Attempts to force contractors into PAYE arrangements haven’t all gone to plan. There are various ways in which contractors have chosen to respond.
·Contractors are effectively picking up the new tax bill by accepting new contracts at lower rates.
·Contractors have increased their rates to compensate for loss of earnings to tax
·Contractors have declined new contracts and walked away from the public sector.
Unfortunately, contractors who have accepted contracts on lower rates are the ones in a weak bargaining position. They have accepted the new terms set out by their clients for lack of a better option.
On the other end of the spectrum we have the contractors who have upped sticks altogether. They know there is demand for their services elsewhere where they won’t be subject to punitive taxation.
How much does your rate need to increase by if IR35 applies?
Occupying the middle ground are contractors who have negotiated higher rates to guarantee the same income after tax. This is becoming a popular strategy that many PSBs are caving to because they can’t afford to lose out on the critical skills that their contractors provide.
Speedy has compiled a table to help show how much you would need to increase your rate by to retain current levels of take-home pay.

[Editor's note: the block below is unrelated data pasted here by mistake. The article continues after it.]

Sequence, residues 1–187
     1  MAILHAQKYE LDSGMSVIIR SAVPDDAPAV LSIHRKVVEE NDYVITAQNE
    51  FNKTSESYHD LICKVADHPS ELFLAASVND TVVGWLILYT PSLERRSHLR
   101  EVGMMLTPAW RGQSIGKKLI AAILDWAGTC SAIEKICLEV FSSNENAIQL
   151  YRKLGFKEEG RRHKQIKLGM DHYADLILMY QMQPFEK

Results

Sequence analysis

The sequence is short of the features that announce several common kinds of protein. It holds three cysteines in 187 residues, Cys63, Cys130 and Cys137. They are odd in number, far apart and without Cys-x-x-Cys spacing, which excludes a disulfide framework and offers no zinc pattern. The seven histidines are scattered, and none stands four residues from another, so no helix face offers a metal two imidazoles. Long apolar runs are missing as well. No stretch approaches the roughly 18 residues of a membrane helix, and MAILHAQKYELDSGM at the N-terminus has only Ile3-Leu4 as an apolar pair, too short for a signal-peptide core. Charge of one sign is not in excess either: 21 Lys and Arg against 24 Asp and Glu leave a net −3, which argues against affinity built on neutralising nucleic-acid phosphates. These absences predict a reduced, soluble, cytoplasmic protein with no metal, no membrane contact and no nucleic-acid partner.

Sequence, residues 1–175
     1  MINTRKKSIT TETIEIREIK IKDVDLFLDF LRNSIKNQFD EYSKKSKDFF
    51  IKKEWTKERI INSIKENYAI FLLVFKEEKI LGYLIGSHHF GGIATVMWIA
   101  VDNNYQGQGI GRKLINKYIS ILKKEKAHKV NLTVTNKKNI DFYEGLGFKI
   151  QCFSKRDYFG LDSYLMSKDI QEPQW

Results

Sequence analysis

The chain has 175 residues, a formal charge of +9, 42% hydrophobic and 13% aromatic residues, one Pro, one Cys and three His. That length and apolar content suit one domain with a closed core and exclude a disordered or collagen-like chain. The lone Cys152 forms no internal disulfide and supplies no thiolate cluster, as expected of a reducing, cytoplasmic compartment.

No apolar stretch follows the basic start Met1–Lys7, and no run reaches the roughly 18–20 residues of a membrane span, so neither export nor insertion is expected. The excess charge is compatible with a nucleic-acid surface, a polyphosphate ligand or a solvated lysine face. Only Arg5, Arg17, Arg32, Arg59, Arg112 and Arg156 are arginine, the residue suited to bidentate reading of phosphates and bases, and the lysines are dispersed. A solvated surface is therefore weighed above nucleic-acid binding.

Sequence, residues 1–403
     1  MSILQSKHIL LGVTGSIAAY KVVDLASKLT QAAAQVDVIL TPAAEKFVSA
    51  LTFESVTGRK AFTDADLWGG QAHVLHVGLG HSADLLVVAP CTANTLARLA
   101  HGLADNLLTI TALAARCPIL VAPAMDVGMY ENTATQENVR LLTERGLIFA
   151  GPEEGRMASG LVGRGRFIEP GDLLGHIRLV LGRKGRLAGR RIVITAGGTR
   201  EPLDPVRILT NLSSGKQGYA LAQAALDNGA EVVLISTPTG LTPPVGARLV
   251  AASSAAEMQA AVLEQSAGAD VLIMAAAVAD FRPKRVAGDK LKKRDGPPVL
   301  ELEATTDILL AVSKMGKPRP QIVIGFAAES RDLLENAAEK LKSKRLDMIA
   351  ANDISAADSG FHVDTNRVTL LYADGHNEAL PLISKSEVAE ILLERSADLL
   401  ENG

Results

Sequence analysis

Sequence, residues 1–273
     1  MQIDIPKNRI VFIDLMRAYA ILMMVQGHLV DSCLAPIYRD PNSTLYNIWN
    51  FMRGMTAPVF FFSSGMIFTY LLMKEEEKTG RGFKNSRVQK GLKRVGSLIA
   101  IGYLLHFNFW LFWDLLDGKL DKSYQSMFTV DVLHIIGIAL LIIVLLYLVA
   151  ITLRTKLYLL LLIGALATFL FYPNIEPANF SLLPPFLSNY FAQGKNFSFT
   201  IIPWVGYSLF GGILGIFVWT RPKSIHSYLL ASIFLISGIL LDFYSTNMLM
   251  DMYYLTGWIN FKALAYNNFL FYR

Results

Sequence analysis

Current Rate IR35 does not apply
New Rate IR35 Applies
Why Contractor rate hikes mean IR35 is a ‘tax neutral strategy’
Despite HMRC’s intention to increase its tax yield, contractor rate increases make IR35 in the public sector a largely tax neutral strategy.
Contractors increase their rates, more tax is charged and given straight back to HMRC. Meanwhile PSBs are forking out more for the skills they need whilst contractors end up with the same amount in their back pocket.
This would be far from the case if the same tactic were applied in the private sector, which could see private sector firms paying a heavy price. HMRC has insisted that the measures won’t be enforced beyond the public sector though many are convinced a public sector rollout is imminent.
Despite the taxman’s denial it seems to more a case of when this will happen and not if.